}

To see a fully runnable example that uses this API, see the Use the Convenient Transaction API usage example.

You can pass a TransactionOptions instance to the startTransaction() and withTransaction() methods to configure how the driver performs a transaction. When you specify an option, it overrides the value of the option that you might have set on your MongoClient instance.

The following table includes options that you can specify in a TransactionOptions instance:

Setting
Description
readConcern
Specifies read operation consistency of the replica set.
To learn more, see Read Concern in the Server manual.
writeConcern
Specifies the write operation level of acknowledgment required from a replica set.
To learn more, see Write Concern in the Server manual.
readPreference
Specifies how to route read operations to members of a replica set.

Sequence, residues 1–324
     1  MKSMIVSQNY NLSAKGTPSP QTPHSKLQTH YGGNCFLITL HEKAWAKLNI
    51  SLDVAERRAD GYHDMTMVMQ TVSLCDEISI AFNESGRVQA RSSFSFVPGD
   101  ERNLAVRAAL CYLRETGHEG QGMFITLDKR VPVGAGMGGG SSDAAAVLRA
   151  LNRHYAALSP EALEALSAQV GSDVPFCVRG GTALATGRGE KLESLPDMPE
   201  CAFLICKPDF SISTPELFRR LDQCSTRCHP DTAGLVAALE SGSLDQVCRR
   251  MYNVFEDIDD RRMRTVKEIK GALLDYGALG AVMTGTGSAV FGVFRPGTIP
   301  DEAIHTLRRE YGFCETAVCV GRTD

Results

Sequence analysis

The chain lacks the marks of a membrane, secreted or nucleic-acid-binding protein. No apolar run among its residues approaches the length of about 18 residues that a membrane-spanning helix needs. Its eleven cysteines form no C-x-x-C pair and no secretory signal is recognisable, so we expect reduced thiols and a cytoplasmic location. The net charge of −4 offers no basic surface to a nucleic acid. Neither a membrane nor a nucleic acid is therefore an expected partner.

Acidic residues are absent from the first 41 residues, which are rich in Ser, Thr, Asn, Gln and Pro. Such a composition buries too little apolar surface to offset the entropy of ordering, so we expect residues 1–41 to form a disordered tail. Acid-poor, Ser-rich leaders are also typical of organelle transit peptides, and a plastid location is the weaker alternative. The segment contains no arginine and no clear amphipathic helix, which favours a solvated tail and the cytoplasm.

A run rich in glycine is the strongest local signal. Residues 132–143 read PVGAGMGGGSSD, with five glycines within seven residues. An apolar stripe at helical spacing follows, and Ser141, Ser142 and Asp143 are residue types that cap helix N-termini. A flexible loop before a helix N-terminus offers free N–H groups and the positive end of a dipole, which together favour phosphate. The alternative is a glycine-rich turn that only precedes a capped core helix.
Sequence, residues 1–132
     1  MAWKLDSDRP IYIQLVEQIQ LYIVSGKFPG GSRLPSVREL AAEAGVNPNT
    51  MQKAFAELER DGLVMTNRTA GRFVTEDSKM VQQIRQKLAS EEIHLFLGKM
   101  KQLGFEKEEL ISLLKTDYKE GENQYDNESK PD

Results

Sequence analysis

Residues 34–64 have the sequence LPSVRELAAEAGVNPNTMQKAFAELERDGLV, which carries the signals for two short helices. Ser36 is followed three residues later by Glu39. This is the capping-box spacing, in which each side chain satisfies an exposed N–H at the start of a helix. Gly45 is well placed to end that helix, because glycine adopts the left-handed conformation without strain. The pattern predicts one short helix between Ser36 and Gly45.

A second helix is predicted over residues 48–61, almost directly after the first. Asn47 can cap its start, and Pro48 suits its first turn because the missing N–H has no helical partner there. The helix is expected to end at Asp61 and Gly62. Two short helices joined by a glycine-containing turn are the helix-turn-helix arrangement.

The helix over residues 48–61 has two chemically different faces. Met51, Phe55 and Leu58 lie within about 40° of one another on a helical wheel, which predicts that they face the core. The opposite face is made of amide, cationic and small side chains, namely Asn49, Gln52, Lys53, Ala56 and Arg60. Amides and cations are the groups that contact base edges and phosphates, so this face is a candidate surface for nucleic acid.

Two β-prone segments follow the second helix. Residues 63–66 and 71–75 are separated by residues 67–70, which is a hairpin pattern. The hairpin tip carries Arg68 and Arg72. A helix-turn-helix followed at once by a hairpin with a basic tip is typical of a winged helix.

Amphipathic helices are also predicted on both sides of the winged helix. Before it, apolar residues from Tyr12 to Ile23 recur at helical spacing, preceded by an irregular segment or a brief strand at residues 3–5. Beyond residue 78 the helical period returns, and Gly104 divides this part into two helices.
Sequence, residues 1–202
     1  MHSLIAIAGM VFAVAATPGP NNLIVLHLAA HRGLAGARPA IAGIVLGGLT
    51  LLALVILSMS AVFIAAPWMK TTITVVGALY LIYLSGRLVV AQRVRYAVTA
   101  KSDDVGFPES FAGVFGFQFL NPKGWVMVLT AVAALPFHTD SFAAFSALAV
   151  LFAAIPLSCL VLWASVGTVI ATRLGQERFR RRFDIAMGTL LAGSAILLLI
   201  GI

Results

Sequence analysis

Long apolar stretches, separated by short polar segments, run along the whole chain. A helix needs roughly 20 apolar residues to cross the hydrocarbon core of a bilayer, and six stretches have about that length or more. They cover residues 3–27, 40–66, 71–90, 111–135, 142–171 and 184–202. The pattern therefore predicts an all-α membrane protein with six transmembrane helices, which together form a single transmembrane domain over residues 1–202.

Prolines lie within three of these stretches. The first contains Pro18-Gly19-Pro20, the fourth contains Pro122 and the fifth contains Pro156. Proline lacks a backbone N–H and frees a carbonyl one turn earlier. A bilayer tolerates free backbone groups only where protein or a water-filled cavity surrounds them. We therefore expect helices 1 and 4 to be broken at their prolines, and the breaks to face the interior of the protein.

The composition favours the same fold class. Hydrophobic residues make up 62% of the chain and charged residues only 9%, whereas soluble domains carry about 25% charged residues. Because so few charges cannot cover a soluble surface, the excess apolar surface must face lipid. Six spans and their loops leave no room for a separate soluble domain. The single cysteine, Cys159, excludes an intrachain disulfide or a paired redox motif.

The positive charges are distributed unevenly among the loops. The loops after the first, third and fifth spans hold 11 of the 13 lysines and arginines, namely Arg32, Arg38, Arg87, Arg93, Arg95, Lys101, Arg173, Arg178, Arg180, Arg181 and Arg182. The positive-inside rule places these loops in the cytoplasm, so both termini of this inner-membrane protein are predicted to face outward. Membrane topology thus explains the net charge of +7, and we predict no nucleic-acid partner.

To learn more, see Read Preference in the Server manual.
maxCommitTimeMS
Specifies the length of time that a commit action on a transaction can run, in milliseconds.

For a full list of options, see the API documentation for TransactionOptions.

Note

The transaction inherits settings from your MongoClient instance unless you specify them in your transaction options.

The following code shows how to define and pass transaction options to the startTransaction() method:

const txnOpts = {
readPreference: 'primary',
readConcern: { level: 'local' },
writeConcern: { w: 'majority' },
maxCommitTimeMS: 1000
};
session.startTransaction(txnOpts);

If you are using the Core API to perform a transaction, you must incorporate error-handling logic into your application for the following errors:

  • TransientTransactionError: Raised if a write operation errors before the driver commits the transaction. To learn more about this error, see the TransientTransactionError description on the Driver API page in the Server manual.

  • UnknownTransactionCommitResult: Raised if the commit operation encounters an error. To learn more about this error, see the UnknownTransactionCommitResult description on the Driver API page in the Server manual.

The Convenient Transaction API incorporates retry logic for these error types, so the driver retries the transaction until there is a successful commit.